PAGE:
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Gomez says she’ll step down from Cap Metro board

Wednesday, October 14, 2009 by Austin Monitor

On Tuesday the Travis County Commissioners Court discussed what role the county should have on the Capital Metro Board. Currently, Pct. 4 Commissioner Margaret Gomez is the county’s representative on the transportation board, but her term ends with the new year. A new law allows the county to appoint a representative to the board who is not a commissioner.

 

Gomez said after 11 years of serving on the board she is ready to step down and “share the fun” with her colleagues. Deece Eckstein, head of intergovernmental affairs for the county, told commissioners one possibility to consider for the Cap Metro spot would be a CAMPO appointment. Of CAMPO’s three appointees, he said, one must be either a Travis County commissioner or an Austin City Council member.

 

Under a new law, those three CAMPO appointments bring the total number of Cap Metro board members to eight. Although several members have served long tenures, observers expect most of those to be gone come January, when the new board convenes.

 

However, it is likely that Mayor Pro Tem Mike Martinez and Council Member Chris Riley will continue their service. Martinez has tried, without much success, to rid the agency of what he sees as an anti-labor bias, and Riley has only been on the board for a couple of months.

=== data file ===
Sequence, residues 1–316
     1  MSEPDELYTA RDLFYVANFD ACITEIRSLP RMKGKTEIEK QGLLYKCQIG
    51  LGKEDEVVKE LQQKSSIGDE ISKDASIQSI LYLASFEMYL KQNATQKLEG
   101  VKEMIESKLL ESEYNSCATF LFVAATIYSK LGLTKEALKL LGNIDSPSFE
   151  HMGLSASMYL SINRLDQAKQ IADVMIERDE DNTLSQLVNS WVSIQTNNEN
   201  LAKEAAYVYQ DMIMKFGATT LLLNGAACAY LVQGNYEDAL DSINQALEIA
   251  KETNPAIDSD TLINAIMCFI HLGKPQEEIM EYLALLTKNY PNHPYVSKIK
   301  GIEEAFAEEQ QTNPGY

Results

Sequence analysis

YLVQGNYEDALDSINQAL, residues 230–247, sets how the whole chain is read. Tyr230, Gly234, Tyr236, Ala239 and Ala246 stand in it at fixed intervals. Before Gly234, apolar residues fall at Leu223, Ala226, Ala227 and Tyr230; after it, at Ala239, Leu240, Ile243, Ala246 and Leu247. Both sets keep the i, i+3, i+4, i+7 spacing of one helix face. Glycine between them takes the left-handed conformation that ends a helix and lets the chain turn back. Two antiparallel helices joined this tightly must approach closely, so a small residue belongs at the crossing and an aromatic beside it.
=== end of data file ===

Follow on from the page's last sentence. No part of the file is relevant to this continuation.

Nancy McDonald, representing the Chamber of Commerce’s Take on Traffic organization, told commissioners her group favors a citizen appointee for the county. “It throws a wider net in terms of the experience,” she said. McDonald also opined that the “spirit” of the law encourages financial experts and executive managers for the positions. In fact, the law requires that one appointee have at least 10 years’ experience as a financial or accounting professional and that a second have at least 10 years’ experience in an executive-level job.

 

Pct. 2 Commissioner Sarah Eckhardt motioned to approve a generic non-commissioner to the slot, but Judge Sam Biscoe said he’d prefer to think things over for a week.

 

Gomez explained the benefits of having a government background on the board: “It can be helpful to have an elected official who knows about open meetings and knows why Travis County’s financial condition is so good and to take these policies to Cap Metro,” she told her colleagues. She also said it is important to have someone on the board who is “committed to alternative modes of transportation.” See Whispers for more about Gomez.

 

The county released a proposed timeline for the appointment but did not vote on any action. The proposed timeline would make applications due by November 25, with interviews proceeding through December.

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